My kids are tucked in bed, snoring softly. My husband went to bed a couple hours ago. Even the dog is asleep. And here I am, typing...
Last week the U.S. Centers for Disease Control and Prevention warned that adults in the United States aren't getting enough sleep. And that not getting enough sleep can lead to a host of medical issues, including depression, cardiovascular problems, and high blood pressure. In fact, the percentage of adults reporting that they get six hours of sleep or less per night has grown over the last 20 years. (The National Sleep Foundation suggests that adults get seven to nine hours of sleep per night.)
Now, the fact that we're not getting enough sleep is certainly not news to anyone juggling work and parenthood. This week (March 3-9) is National Sleep Awareness Week but, while I do feel obligated to do my part and go to bed, I feel more obligated to get my work done and pay my bills.
The National Sleep Foundation is relentless, though, appealing to our competitive nature with their Great American Sleep Challenge. I'm not kidding -- and neither are they. While they don't provide any specific advice on how to get those nine hours of shut-eye when your toddler keeps waking up in the middle of the night (thanks, first molars!), they do offer an informative graphic showcasing the "sleep stealers" that may be in your bedroom.
I'd post a photo of our bedroom, so you could see the similarities, but I think my spouse would flip. Besides, I'm not sure the internet needs evidence of my Mad Laundry Accumulation Skillz. Suffice it to say that, though we don't have a cat and there is no TV in the bedroom, we've got pretty much all of the other sleep-stealing bases covered. Including the amp.
There are about as many different suggestions for getting a better night's sleep as there are people struggling to do so. Some of the advice is confusing and even contradictory (have a bedtime snack, or avoid eating before going to bed?), and some of it is just plain impossible if you have young children or work from home (go to sleep when you are sleepy? Oh, OK! Zzzzz). But some of the tips make a lot of sense. Here are the ones I'll be trying:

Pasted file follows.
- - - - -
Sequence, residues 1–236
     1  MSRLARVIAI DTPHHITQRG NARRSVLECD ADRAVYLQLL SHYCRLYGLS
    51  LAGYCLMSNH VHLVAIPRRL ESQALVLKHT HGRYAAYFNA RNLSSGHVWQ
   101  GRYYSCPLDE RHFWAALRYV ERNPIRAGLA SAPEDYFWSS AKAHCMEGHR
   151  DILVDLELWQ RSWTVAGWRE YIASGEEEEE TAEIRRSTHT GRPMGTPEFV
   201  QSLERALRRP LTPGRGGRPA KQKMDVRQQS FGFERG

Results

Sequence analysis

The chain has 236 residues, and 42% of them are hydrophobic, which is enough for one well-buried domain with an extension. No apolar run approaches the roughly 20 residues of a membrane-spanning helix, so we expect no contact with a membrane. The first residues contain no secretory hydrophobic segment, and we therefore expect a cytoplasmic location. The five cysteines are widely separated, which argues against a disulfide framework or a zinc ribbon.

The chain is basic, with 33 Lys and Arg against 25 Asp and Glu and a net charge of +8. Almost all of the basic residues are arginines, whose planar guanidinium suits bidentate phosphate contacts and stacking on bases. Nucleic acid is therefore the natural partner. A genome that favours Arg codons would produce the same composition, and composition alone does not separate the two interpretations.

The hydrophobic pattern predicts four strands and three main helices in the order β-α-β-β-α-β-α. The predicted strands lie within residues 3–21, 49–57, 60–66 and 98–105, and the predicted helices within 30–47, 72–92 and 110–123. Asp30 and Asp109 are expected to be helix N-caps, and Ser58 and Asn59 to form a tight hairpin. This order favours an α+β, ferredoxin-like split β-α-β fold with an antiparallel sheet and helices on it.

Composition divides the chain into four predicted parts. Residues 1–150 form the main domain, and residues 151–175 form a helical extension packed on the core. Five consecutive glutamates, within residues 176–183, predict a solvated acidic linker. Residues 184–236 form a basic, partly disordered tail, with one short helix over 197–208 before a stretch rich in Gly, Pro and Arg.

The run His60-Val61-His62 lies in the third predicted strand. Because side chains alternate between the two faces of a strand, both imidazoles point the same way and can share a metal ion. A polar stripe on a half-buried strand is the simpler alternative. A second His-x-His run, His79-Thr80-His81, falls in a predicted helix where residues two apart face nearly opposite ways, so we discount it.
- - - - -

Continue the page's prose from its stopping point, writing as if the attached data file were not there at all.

Keep your feet warm. Because they generally don't have great blood circulation, your feet get cold, waking you in the middle of the night. Socks may not be sexy, but warm feet may help you get better sleep.
Get your work out of the bedroom. "It is best to take work materials, computers and televisions out of the sleeping environment," The National Sleep Foundation recommends. If you associate your bed (and your bedroom) with sleep, you're more likely to actually get some rest.
Make your bedroom cool, dark, quiet, and comfortable. Adjusting the lighting and temperature in your room can do wonders for your sleep cycle, according to the experts at the Mayo Clinic.
Breathe deeply. Countless doctors and yoga practitioners have suggested this for relaxation, and I'm finally going to take it to heart. An interesting technique is here.
Relax before bedtime. It might be tough, sometimes, but letting go of the day's stress can lead to a better night's sleep. A warm bath, a massage (though this has never led directly to sleep in our household, per se), or even 10 minutes of journaling can help you wind your mind down.
And, if all else fails, I guess I'll rejuvenate myself with a caffeine-fueled mid-day nap.
How much sleep do you get per night, on average? How do you maximize your sleeping time (or keep insomnia at bay)?
Monday, March 3, 2008
Need More Sleep? Join the Club
March 3-9 is National Sleep Awareness Week, and I'd like to celebrate by getting the recommended nine hours of sleep per night, but I'll probably mark the event by staying up late writing and drinking too much coffee instead. According to a recent study, plenty of adults are in the same boat as I am:
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